Hyperhomocysteinemia and cardiovascular risk: effect of vitamin supplementation in risk reduction

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Abstract

Abstract Homocysteine is a sulfur-containing aminoacid produced during metabolism of methionine. Since 1969 the relationship between altered homocysteine metabolism and both coronary and peripheral atherotrombosis has been known; in recent years experimental evidences have shown that elevated plasma levels of homocysteine are associated with an increased risk of atherosclerosis and cardiovascular ischemic events. Several mechanisms by which elevated homocysteine impairs vascular function have been proposed, including impairment of endothelial function, production of Reactive Oxygen Species (ROS) and consequent oxidation of low-density lipids. Folic acid and B vitamins, required for remethylation of homocysteine to methionine, are the most important dietary determinants of homocysteinemia and daily supplementation typically lowers plasma homocysteine levels. Recently, large-scale intervention trials have been conducted to determine whether lowering homocysteine concentrations through B vitamins supplementation can decrease cardiovascular risk in healthy subjects or improve survival in patients with coronary heart disease. Some of these trials found no significant beneficial effects of combined treatment with folate and vitamin B(12), with or without vitamin B(6), in spite of adequate homocysteine lowering. In conclusion, it is still unclear whether decreasing plasma levels of homocysteine through diet or drugs may be paralleled by a reduction in cardiovascular risk.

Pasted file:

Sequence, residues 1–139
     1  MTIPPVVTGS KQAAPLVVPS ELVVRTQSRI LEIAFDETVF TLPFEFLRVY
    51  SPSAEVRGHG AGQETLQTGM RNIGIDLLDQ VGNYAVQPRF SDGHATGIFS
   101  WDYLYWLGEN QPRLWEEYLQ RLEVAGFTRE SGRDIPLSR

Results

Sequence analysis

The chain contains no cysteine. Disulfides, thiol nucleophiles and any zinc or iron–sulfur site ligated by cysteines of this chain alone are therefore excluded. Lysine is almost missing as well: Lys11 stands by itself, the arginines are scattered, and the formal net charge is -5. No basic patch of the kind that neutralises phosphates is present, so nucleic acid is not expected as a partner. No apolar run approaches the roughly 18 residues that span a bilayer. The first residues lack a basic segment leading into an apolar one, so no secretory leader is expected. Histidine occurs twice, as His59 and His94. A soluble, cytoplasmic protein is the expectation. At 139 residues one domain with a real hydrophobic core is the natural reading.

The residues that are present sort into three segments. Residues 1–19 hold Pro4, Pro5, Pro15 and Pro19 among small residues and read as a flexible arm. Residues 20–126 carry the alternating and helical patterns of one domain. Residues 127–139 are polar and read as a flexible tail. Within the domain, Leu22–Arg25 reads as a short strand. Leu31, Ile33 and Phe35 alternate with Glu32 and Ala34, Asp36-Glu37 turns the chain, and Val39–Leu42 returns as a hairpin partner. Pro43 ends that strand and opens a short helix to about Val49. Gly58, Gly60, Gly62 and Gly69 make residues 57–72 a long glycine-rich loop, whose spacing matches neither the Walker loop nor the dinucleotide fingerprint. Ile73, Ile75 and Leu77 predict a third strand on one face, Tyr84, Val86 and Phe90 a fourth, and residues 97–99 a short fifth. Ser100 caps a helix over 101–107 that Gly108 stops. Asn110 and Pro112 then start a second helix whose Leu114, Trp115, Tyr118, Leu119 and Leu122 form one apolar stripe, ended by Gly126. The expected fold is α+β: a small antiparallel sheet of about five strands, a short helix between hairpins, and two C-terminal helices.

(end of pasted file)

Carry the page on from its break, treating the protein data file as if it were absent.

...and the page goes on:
Lingua originaleEnglish
pagine (da-a)-
Numero di pagine7
RivistaCurrent Clinical Pharmacology
Volume5
Stato di pubblicazionePublished - 2010

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Hyperhomocysteinemia
Homocysteine
Risk Reduction Behavior
Vitamins
Vitamin B Complex
Folic Acid
Methionine
Vitamin B 6
Vitamin B 12
Sulfur
Coronary Disease
Blood Vessels
Reactive Oxygen Species
Atherosclerosis
Healthy Volunteers
Diet
Lipids
Survival

All Science Journal Classification (ASJC) codes

  • Pharmacology (medical)
  • Pharmacology, Toxicology and Pharmaceutics(all)

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title = "Hyperhomocysteinemia and cardiovascular risk: effect of vitamin supplementation in risk reduction",
abstract = "Abstract Homocysteine is a sulfur-containing aminoacid produced during metabolism of methionine. Since 1969 the relationship between altered homocysteine metabolism and both coronary and peripheral atherotrombosis has been known; in recent years experimental evidences have shown that elevated plasma levels of homocysteine are associated with an increased risk of atherosclerosis and cardiovascular ischemic events. Several mechanisms by which elevated homocysteine impairs vascular function have been proposed, including impairment of endothelial function, production of Reactive Oxygen Species (ROS) and consequent oxidation of low-density lipids. Folic acid and B vitamins, required for remethylation of homocysteine to methionine, are the most important dietary determinants of homocysteinemia and daily supplementation typically lowers plasma homocysteine levels. Recently, large-scale intervention trials have been conducted to determine whether lowering homocysteine concentrations through B vitamins supplementation can decrease cardiovascular risk in healthy subjects or improve survival in patients with coronary heart disease. Some of these trials found no significant beneficial effects of combined treatment with folate and vitamin B(12), with or without vitamin B(6), in spite of adequate homocysteine lowering. In conclusion, it is still unclear whether decreasing plasma levels of homocysteine through diet or drugs may be paralleled by a reduction in cardiovascular risk.",